A Picture Speaks A Thousand Words

The Tate Modern in London has posted this message of support. Photo courtesy of the Tate Museum.

Artist and activist Ai Weiwei has not been seen since he was escorted out of Beijing airport on April 3rd by police. The police gave no reason for his arrest for several days until they eventually said it was on account of unspecified “economic crimes”, a charge frequently used to silence government critics. An internationally regarded artist and architect who has spent his distinguished career working for freedom of speech, his art is a statement for creating a more just world.

On Thursday, Time Magazine named him one of 2011’s Most Influential People. In his introduction, outgoing U.S. Ambassador to China Jon Huntsman called Mr. Ai “the kind of visionary any nation should be proud to count among its creative class. He has drawn the world’s attention to the vibrancy of contemporary Chinese culture. More important, Ai, 53, has shown compassion for his fellow citizens and spoken out for victims of government abuses, calling for political reforms to better serve the people. It is very sad that the Chinese government has seen a need to silence one of its most innovative and illustrious citizens. For the world, Ai continues to represent the promise of China.”

Ai Weiwei and his sunflower seeds, from a video at the Tate Modern.

While his whereabouts are unknown, his art is out on prominent display. Known for his design of the famous Bird’s Nest Stadium for the 2008 Beijing Olympics, he is recognized throughout the world. His installation of 100 million porcelain sunflower seeds is currently filling the Tate Modern in London until Monday. The “Sunflower Seeds” exhibition is made up of millions of small pieces, each apparently identical, but actually unique. However realistic they may seem, these life-sized sunflower seed husks are in fact intricately hand-crafted in porcelain.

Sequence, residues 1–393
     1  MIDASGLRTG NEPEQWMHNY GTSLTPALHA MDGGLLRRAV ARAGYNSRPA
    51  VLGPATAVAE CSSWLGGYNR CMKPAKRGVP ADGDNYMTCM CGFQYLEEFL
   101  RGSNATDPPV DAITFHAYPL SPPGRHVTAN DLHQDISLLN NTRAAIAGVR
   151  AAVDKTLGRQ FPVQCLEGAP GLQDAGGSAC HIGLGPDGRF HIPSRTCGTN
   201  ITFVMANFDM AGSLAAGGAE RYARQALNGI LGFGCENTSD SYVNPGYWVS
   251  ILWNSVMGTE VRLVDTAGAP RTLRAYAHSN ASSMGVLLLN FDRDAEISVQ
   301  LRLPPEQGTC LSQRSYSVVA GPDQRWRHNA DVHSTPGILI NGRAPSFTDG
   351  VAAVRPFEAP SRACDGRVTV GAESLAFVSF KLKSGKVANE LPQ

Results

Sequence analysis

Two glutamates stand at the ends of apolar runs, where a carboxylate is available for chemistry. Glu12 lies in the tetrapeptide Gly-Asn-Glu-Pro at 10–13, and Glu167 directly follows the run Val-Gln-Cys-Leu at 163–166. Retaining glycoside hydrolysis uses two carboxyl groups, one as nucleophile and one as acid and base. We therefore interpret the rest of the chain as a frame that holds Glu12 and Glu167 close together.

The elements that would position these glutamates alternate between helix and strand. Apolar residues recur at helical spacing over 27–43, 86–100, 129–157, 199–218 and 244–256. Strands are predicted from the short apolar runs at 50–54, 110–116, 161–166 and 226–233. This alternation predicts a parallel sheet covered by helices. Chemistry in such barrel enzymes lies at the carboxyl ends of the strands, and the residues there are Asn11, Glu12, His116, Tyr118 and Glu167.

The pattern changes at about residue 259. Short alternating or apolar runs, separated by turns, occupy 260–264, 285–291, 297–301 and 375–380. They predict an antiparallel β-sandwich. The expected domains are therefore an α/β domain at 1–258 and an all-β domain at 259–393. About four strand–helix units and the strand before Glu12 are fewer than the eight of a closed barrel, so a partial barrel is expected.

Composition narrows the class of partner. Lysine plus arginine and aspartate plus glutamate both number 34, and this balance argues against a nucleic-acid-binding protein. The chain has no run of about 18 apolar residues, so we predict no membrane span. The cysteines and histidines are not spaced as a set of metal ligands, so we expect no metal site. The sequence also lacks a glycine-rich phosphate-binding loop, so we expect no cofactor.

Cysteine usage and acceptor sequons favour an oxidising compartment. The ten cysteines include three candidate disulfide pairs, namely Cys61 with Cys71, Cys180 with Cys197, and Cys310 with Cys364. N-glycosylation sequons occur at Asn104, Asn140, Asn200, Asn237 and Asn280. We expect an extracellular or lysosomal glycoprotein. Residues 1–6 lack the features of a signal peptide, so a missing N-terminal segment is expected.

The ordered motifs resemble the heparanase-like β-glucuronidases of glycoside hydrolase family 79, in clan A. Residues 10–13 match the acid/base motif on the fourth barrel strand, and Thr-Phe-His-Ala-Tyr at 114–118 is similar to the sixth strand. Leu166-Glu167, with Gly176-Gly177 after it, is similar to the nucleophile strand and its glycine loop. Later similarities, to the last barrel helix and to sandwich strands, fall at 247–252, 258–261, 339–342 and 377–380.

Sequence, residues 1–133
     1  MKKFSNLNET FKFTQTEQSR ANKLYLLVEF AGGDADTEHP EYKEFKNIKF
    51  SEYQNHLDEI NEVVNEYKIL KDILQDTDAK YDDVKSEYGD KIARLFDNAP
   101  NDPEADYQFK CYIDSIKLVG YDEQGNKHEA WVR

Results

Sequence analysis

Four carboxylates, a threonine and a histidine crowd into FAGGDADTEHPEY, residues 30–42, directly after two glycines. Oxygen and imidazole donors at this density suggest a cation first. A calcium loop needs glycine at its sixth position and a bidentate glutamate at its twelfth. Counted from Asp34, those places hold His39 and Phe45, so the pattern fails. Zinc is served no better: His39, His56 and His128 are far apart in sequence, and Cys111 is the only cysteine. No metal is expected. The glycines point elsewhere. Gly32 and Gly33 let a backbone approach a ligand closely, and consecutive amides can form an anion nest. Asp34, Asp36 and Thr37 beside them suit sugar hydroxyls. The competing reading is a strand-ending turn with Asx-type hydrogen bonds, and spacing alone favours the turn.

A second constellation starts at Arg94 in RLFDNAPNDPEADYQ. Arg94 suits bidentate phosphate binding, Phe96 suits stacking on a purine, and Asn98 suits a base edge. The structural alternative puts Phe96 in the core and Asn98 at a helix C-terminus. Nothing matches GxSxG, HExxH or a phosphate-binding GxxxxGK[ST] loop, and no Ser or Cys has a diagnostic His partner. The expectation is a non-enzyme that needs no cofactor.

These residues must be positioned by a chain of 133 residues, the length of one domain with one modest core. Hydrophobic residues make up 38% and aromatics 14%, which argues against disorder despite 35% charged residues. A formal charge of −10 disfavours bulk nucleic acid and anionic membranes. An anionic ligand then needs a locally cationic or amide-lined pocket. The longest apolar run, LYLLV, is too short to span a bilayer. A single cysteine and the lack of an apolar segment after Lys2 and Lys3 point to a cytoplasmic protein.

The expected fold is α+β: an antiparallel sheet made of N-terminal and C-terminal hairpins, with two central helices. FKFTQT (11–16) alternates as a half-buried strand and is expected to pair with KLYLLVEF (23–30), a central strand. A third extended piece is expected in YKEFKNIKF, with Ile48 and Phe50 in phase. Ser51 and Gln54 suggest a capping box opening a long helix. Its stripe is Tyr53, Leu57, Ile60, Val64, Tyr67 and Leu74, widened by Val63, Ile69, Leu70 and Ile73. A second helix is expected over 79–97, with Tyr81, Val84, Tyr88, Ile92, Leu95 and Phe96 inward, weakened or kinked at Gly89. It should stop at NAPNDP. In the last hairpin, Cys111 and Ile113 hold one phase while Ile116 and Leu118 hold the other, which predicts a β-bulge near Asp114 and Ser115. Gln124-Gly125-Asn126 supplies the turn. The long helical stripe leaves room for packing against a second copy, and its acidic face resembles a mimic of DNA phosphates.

In introducing the exhibition, the Tate says that: “Weiwei’s Sunflower Seeds challenges our first impressions: what you see is not what you see, and what you see is not what it means. The sculptural installation is made up of what appear to be millions of sunflower seed husks, apparently identical but actually unique. Although they look realistic, each seed is made out of porcelain. And far from being industrially produced, ‘readymade’ or found objects, they have been intricately hand-crafted by hundreds of skilled artisans. The precious nature of the material, the effort of production and the narrative and personal content make this work a powerful commentary on the human condition.” Sunflower Seeds invites us to look more closely at the “Made in China” phenomenon our first impressions, which you can preview in this video featuring the artist and his exhibition, courtesy of the Tate:

Sir Nicholas Serota, the director of the Tate, said he was “dismayed” by Ai’s arrest and hoped Mr. Ai “will be released immediately”.

"1001 Chairs for Ai Weiwei" peaceful protest in Sao Paolo, Brazil on April 17th. Photo courtesty event organizers.

In addition to formal statements from United States and the European Union, people have come together all over the world to call for Mr. Ai’s release. 1001 Chairs for Ai Weiwei is the result of a question posted on Facebook about what the arts community could do to support the safe release of Ai Weiwei.